Status: Founder, Wisdom Counsellor Zero
Location: Gwynedd, Wales
Can you remember the first time you suspected there was a bigger truth to life, and that this was something you could participate in?
Growing up I went to a Christian school, and I remember from about the age of 6 I found the idea of Christ sharing his nature with God to be very compelling. Of course, the next best thing in Christianity is to be a saint, but once I learnt they don’t exist anymore, I became obsessed with the figure of the magician in fantasy stories as an alternative. Standing in the playground one day, I opened a book of ghost stories to find a bad caricature of Aleister Crowley staring back at me; this was confirmation that at least magicians were real!
What set you off on the course of awakening?
The materialism of my early teenage years almost ground out of me any hope of a bigger truth to reality, but then I chanced upon a book by Crowley in a wholesale bookshop when I was 15. Crowley was back in my life with everything I needed to embark upon ‘the path of the wise’. I spent the next couple of years reading everything he ever wrote and practicing the curriculum he outlined for attaining wisdom.
Very much keeping in vein with Crowley’s approach to wisdom during his time, I would go on to explore everything available, from the various forms of Buddhism to Advaita to Gurdjeiff, as well as more recent forms of western esotericism.
What brought you to create Fountainhead?
After 7 years of guiding students through the process of awakening as my full time job, the teaching and how it is organised finally reached a degree of maturation in the form you currently see. I wrote a brief outline of the problems I saw with our current cultural approach to awakening, and how we might change that for the better. Professional regulation, best practice and scientific research are all key, but the bedrock of the new approach is addressing psychophobia (fear of the mind) - ironically prevalent in many wisdom traditions and research programs - by returning to the original rationalism at the heart of western culture. This will not only cure our culture of its current sickness, but help it to mature into a bone fide wisdom culture.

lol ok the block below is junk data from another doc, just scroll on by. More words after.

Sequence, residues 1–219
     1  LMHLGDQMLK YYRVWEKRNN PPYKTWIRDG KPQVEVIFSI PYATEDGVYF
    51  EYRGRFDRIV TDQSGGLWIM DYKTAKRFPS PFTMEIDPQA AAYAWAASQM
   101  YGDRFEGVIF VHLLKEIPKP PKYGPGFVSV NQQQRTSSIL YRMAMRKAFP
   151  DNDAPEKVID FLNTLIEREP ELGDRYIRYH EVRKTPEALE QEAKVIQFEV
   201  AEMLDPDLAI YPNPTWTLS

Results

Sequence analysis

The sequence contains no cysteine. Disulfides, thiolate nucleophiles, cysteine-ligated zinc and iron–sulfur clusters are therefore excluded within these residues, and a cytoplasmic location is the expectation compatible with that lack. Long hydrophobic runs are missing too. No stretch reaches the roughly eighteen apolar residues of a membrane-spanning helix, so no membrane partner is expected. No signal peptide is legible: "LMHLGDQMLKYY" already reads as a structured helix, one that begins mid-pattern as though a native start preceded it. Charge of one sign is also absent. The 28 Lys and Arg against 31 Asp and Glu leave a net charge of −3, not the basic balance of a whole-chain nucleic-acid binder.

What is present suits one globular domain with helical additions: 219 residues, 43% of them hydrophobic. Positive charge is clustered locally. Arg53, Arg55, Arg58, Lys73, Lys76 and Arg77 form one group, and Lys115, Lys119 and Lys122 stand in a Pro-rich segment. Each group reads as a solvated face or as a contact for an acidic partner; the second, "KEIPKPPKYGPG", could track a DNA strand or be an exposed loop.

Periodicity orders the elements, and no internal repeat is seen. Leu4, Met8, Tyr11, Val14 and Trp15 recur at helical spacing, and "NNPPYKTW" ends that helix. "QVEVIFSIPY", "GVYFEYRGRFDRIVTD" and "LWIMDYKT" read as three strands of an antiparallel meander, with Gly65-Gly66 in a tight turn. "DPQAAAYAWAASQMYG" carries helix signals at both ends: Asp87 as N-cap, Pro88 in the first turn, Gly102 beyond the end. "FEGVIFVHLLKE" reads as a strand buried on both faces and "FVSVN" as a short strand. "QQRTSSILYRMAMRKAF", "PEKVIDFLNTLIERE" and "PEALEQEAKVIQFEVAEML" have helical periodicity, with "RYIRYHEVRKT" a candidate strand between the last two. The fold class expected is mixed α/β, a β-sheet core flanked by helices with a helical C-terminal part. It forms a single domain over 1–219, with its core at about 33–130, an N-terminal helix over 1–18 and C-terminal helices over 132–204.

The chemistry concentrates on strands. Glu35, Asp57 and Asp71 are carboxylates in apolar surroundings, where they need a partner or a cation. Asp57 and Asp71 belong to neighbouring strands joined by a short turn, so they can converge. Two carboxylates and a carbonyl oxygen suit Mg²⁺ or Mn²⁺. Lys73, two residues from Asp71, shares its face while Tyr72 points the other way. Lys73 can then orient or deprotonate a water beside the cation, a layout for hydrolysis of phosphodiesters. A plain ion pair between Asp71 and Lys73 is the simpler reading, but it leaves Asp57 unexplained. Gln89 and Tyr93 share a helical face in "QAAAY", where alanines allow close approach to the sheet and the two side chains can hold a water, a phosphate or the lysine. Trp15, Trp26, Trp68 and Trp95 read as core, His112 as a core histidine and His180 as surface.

Why do you call yourself 'Wisdom Counsellor Zero'?
Although I work as - and hold myself to the standard of - a professional wisdom counsellor, technically I can't be the first professional wisdom counsellor because there is no official oversight, regulation or best practice established through a governing body. With no institutional accountability, I can't be a 'professional' in the most important sense. And so I think 'Wisdom Counsellor Zero' captures my position nicely: I'm the original wisdom counsellor, but I'm not the world's first professional wisdom counsellor.
I can't help wondering who will have that honour, but it's likely to be one (or more) of the current trainees.
What have been the most significant wisdom/awakening events in your life?
In terms of the work, the biggest changes happened in 2009 (when I sat with a guru in India and through transmission classically ‘woke up’) and 2014 (when Fountainhead was born, so to speak).
With these kinds of stories everyone entertains questions concerned with how many awakenings there are, where the process leads, the point of it all, and how we know when we’ve had an awakening or when we have reached completion; these are all best left answered through participating in the practice (and the specific resources concerned with these things on the site).
You don’t hear this much - and I know there are other teachers out there who remain silent for the same reasons - but I could describe many profound things concerned with what actually happened during these events (and others), but - to be frank - we are culturally too ignorant, naive and/or hysterical to hear them. [Fountainhead is working on it. ;)]
Do you still sit?
I love being asked this, because the logic goes, ‘If the point of sitting is awakening, once you are awake there is no point in sitting, is there?’. This is due to believing both awakening and reality is the opposite in nature to how they actually are. Sadly we see supposed masters of meditation perpetuating this myth.
But consider: What kind of a master of a practice no longer does the practice in question?
How easy is it for you to do a dialectic contemplation?
Like everyone, at first I had to struggle with sabotaging the process; however, having clocked up hundreds of hours of dialectic with students, it has reached the point where the structure (how something is) and purpose (what something actually does) of reality revealed through the dialectic is all I see. Helping others is much easier as a result, although it always remains more difficult to see my own problems for what they are.
Once familiarity is achieved in this way, dialectic contemplation becomes an art form; questions can be tailored to the specific details of a problem for a student or client, and the path taken can deviate as appropriate from the universal dialectic provided on the site. The more we stick to the nucleus of the Fountainhead wisdom practice, the greater the liberation we achieve from it!